News Wrap: Saudi Arabia launches its largest war games ever
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JUDY WOODRUFF: Deadly attacks blasted hospitals and schools across Northern Syria today, killing nearly 50 civilians, many of them children. It signaled again there’s no end in sight for the war, despite plans for a temporary cease-fire.
Activists blamed Russian airstrikes, and the White House condemned the attacks. We will get a detailed account later in the program.
Amid tensions across the Middle East, Saudi Arabia today launched its largest war games ever. The drills involve 20 mostly Arab and African countries. The Saudis are already fighting Shiite rebels in Yemen, and they have offered to help fight the Islamic State group in Syria.
In Mexico, Pope Francis praised the country’s indigenous people and denounced their exploitation today. The first Latin American pontiff traveled to San Cristobal de las Casas in Chiapas state midway through his five-day visit. Francis celebrated mass in three languages native to the region before a crowd of thousands. And he condemned centuries of ill treatment of Mexico’s Indians.
POPE FRANCIS (through interpreter): On many occasions, in a systematic and organized way, your people have been misunderstood and excluded from society. Some have considered your values, culture and traditions to be inferior. Others, intoxicated by power, money and market trends, have stolen your lands or contaminated them.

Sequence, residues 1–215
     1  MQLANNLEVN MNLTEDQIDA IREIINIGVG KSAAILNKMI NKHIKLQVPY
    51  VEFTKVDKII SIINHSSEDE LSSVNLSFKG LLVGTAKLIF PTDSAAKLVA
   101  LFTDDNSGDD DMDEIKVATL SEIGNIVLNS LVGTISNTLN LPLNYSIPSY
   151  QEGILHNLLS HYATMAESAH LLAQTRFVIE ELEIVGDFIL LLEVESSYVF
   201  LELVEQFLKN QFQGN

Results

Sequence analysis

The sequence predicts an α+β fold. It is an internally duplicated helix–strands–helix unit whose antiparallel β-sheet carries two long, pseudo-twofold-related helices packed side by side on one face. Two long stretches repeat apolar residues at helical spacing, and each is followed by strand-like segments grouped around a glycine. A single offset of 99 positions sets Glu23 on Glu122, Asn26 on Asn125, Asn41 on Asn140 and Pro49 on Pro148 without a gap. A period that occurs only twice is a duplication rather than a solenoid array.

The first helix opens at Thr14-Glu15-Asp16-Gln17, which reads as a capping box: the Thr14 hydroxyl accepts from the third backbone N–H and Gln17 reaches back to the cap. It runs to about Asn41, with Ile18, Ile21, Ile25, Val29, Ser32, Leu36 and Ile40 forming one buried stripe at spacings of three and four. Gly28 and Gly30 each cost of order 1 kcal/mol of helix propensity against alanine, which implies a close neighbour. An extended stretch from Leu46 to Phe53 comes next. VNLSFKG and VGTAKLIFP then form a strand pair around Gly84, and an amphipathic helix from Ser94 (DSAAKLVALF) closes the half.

JUDY WOODRUFF: The pope’s foray into Southern Mexico is aimed in part at boosting the Catholic faith in a region where Protestant denominations have made inroads.
Four American journalists are in custody in Bahrain after being detained on Sunday. Police say they were rounded up in the Shiite community of Sitra, having entered the country illegally. It happened during protests that marked a Shiite uprising in the Arab spring of 2011. The family of one of the Americans denies that they did anything illegal.
Steelworkers from across Europe converged on Brussels today to protest imports of cheap steel from China. Thousands carried flags and banners warning the European Union not to grant China market economy status. They said that would let Beijing flood the market with even more steel.
MAN: We are protesting because we want fair competition for the steel industry in Europe. Nowadays, huge amounts of steel are being brought in, imported in Europe from China, and we cannot compete with this, because the prices that are now paid in Europe are very low.
JUDY WOODRUFF: The European steel industry accuses China of using illegal export subsidies to sell products at below production cost.
And here in the U.S., Wall Street was closed for the President’s Day holiday, but world markets shot higher. The rally was led by stocks in Japan and hopes for more stimulus in Europe. Investors also welcomed news that China’s Central Bank has fixed the value of the Chinese currency at a stronger rate.